Saturday, January 3, 2009

The New Year Celebration that Wasn't

It may be the start of a new year, but that’s not necessarily, in these uncertain and unsettled times, a cause for celebration. More than a few skeptics and cynics and skeptical cynics (and cynical skeptics) are saying, “Welcome to the New Year, same as the Old Year.”

Because this is sure to be a year of disappointment and delayed gratification for many people, I’m foregoing any celebration until January 20th. Even then, I’ll only be celebrating George DUHbya (yes, it’s spelled with a capital DUH) Bush’s departure from the White House; it’s too soon to begin contemplating a serious celebration of Barak the Magic Human’s ensconcement therein, and I’m more than happy to put off the festivities until such time that the Mighty O demonstrates his leadership skills in ways that take us out of the morass of mischievous mayhem maliciously visited upon us by his malevolent predecessor.

If it turns out to be more of the same I will have squandered no precious time and energy paying tribute to an indefensible administration bent on perpetuating the wholesale destruction of environment, economy, Constitution and country. Instead, I will devote my time to rethinking my New Year’s revolution resolution, which—in its current iteration—is to essentially remain optimistic in a hostile atmosphere of adversity and deprivation. While I’m still unsure as to where a new New Year’s resolution might be headed, I’m reasonably certain that circumstances will eventually dictate a direction.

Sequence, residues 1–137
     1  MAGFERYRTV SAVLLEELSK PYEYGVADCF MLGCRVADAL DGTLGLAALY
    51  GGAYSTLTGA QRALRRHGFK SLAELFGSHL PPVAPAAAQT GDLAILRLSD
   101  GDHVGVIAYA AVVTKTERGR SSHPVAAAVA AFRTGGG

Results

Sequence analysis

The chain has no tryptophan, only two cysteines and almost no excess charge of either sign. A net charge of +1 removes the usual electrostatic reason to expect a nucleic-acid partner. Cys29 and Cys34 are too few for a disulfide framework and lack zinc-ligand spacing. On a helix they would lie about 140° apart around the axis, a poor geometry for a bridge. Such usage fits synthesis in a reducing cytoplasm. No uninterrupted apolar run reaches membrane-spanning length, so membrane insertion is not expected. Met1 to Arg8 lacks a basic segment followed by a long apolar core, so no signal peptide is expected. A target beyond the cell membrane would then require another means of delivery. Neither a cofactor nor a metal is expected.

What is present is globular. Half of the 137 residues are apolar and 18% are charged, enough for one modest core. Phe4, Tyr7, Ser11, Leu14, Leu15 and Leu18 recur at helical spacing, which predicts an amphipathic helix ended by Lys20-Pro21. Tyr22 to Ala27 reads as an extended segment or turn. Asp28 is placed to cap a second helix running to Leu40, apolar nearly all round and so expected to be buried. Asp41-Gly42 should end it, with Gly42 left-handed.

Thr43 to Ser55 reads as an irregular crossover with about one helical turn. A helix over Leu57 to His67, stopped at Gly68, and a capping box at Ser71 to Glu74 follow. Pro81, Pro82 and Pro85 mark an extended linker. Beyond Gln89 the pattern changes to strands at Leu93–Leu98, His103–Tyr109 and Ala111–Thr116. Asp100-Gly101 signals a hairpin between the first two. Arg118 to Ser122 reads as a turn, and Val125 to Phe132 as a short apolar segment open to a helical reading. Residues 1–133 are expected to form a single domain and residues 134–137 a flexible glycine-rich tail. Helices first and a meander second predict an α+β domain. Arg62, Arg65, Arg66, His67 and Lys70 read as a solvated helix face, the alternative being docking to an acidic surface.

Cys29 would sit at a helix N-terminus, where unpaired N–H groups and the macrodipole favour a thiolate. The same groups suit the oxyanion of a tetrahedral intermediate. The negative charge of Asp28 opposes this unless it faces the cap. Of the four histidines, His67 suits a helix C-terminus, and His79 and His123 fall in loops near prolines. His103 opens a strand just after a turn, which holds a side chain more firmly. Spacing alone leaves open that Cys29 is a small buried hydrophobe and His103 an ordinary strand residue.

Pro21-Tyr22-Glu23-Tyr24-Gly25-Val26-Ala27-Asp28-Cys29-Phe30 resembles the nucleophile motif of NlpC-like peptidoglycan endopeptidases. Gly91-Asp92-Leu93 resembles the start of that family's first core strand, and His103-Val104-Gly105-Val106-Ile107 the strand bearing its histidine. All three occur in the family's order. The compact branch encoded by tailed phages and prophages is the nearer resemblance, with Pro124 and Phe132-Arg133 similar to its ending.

Change is coming, of that we can be certain; yet to be determined is whether that change will be for the better or for the worse. It behooves us to remember that change manifests in many ways, and in many different scenarios: a repair shop might change out old parts for new; in auto racing, tire changes are the rule rather than the exception (pit for fuel and tires in two laps, Danica), and change is often implied without the word actually being spoken; in politics it’s a change of administrations, but in political campaigns it’s “change you can believe in” (if you’re gullible enough to believe campaign slogans); and in the new economy it’s “Hey, buddy, can you spare some change?” Context is everything, but content is pretty important, too.

I’m not at all optimistic that the many crises—economic, environmental, energy, healthcare, infrastructure, et al—to which Obama has fallen heir will immediately begin to show signs of recovery once Mighty O takes the oath of office. Nor should you be. It’s far more likely that most of these crises will deepen significantly over the next year or two before a turnaround becomes apparent; problems that develop over years are not fixed overnight. In the meantime, look forward to more unemployed people, more homeless people, more hungry people, and more of almost everything else that’s undesirable.

Do I have any predictions for 2009? Well, yes! Yes, I do. I have one prediction. I predict that before Obama’s first week in office ends, he will know what it’s like to put his shoulder to the wheel and his nose to the grindstone while his back is to the wall and people hold his feet to the fire. Oh, so many clich├ęs . . ..

Wait! I just thought of another one. Prediction, that is. I also predict that before Mighty O has been in office for a month gas prices reverse course and head back toward the recently familiar territory of $4 per gallon.

Wait! I just thought of another ‘nuther one, so make that three predictions for the price of one. I further predict that The Bushwhacker will try to claim credit for the relative low gas prices at the end of 2008 in an attempt to put some positive spin on an otherwise disastrous legacy.

Yeah, like that’s ever gonna happen.

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